This lesson is part of a year-long programme to develop KS3 students' use of spelling, grammar, punctuation, and sentence structure. The programme has proved very successful, and students apply what they learn in these lessons throughout each week. \n\nThe lessons also include spelling lists of words students should know by the end of KS2.
This resource is jam-packed with information and exercises on how to use colons and semi-colons properly. The exercises are quite challenging, so this is really only for students that have mastered more basic punctuation!
<p>An excellent Speaking and Listening and/or Writing exercise that inspires creativity. Its the year 2042 and planet earth has been invaded by a powerful alien force. You are a passenger on a cruise ship, and along with some other passengers vote not to return home. The captain of the ship takes you to uninhabited island. What do you do next? What decisions need to be made? How will you survive?</p>
<p>This web based resource supplies an interactive drag and drop lesson presentation that can be used to steer a class discussion about describing words for the Horror Genre. Discuss the suitability of the adjectives provided to describe Castle Dracula and suggest your own.</p>
<p>A leaf is adapted to absorb light in photosynthesis. Here are two activities to be used on an interactive white board or individual students computers. 1. Can you label the different parts on this cross section diagram of a leaf? 2. Complete the table by matching the parts of a leaf with its adaptation.</p>
This scheme takes the group step by step through the stages of how to write a story. It is adapted from the government initiative 'Improving Childrens Writing' getting children from level 3 to level 4. I have changed it a little, so that it is also suitable for level 2 and 3 as well. Some resources you will have to get from the government published folder 'improving childrens writing'.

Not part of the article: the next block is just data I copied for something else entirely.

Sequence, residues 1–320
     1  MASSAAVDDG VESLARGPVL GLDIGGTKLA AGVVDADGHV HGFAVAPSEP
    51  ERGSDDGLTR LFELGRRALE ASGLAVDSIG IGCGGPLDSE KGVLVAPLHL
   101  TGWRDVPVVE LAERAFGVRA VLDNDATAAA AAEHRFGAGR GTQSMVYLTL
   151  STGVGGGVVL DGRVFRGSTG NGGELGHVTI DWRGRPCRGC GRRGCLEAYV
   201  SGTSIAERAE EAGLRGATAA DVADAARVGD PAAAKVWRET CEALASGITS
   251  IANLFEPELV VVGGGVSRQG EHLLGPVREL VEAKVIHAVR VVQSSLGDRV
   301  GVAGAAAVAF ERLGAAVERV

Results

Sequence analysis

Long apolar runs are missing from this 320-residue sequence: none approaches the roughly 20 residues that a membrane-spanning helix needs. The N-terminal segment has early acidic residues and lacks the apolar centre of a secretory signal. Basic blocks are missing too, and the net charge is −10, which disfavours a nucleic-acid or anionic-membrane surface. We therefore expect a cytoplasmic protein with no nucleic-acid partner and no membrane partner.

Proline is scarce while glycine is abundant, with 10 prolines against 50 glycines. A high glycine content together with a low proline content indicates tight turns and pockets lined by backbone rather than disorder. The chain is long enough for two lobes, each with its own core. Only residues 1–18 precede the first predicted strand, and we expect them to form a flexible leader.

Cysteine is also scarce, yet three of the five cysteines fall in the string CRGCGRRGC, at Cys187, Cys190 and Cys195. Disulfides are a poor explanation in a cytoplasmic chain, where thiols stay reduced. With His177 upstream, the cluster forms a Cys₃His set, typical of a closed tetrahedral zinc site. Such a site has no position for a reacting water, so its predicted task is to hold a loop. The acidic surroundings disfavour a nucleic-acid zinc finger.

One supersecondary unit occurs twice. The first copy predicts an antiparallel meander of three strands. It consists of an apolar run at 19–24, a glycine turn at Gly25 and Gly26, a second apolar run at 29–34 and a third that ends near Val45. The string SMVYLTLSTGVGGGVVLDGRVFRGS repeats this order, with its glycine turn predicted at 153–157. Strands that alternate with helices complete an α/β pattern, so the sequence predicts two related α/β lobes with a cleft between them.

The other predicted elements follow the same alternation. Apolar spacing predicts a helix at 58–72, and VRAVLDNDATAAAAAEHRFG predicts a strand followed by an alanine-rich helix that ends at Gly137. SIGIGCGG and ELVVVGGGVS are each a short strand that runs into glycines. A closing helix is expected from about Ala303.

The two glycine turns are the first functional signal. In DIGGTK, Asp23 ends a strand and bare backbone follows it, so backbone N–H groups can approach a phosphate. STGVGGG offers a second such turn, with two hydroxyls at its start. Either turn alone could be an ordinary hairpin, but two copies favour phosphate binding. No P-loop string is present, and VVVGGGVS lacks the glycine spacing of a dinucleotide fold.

'Who lives here?' PowerPoint introduces a 'conversation' poem about the creatures and habitat of the rainforest. <br />
It provides a structured step by step lesson to support composition. <br />
It also allows reinforcement of parts of speech particularly verbs and prepositions. <br />
Extended poetry task also provided for variety and possible differentiation.<br />
Several verse examples are provided for clarity. <br />
Rainforest booklet is provided for children to write their final draft for display or poetry portfolio.<br />
'Rainforest List Poem' PowerPoint continues with a poetic theme and uses a simple format to motivate composition. This clear, concise and colourful presentation leads the learners step by step through the composition of a list poem based on a 'rainforest' theme. There is a grammar element throughout with an emphasis on nouns, adjectives and 'ing' verbs. <br />
I have found a poetry context an effective way to embed incidental grammar teaching.<br />
Although the outcome is a simple list poem, it can easily be differentiated for older learners. This would involve extending each line using e.g. adverbs or an additional clause. <br />
Children are encouraged to compose an opening line, closing line and' list' lines inbetween.
A set of 3 exemplar essays for the pastoral poetry genre, covering pastoral texts written in the 1300-1800 era and post-1945. These essays were all written by the same student, and marked by an English teacher with 40 years teaching experience and who has marked for the exam board many times. Each essay scored the highest band and marks of between 36 and 38 out of 40, showing an excellent example of covering the Assessment Objectives and writing fluently. <br />
Please note the texts used and marking criteria are specific to the AQA A-Level English Literature course, but the essay writing format and application of knowledge to the texts are an all-round example of good practice.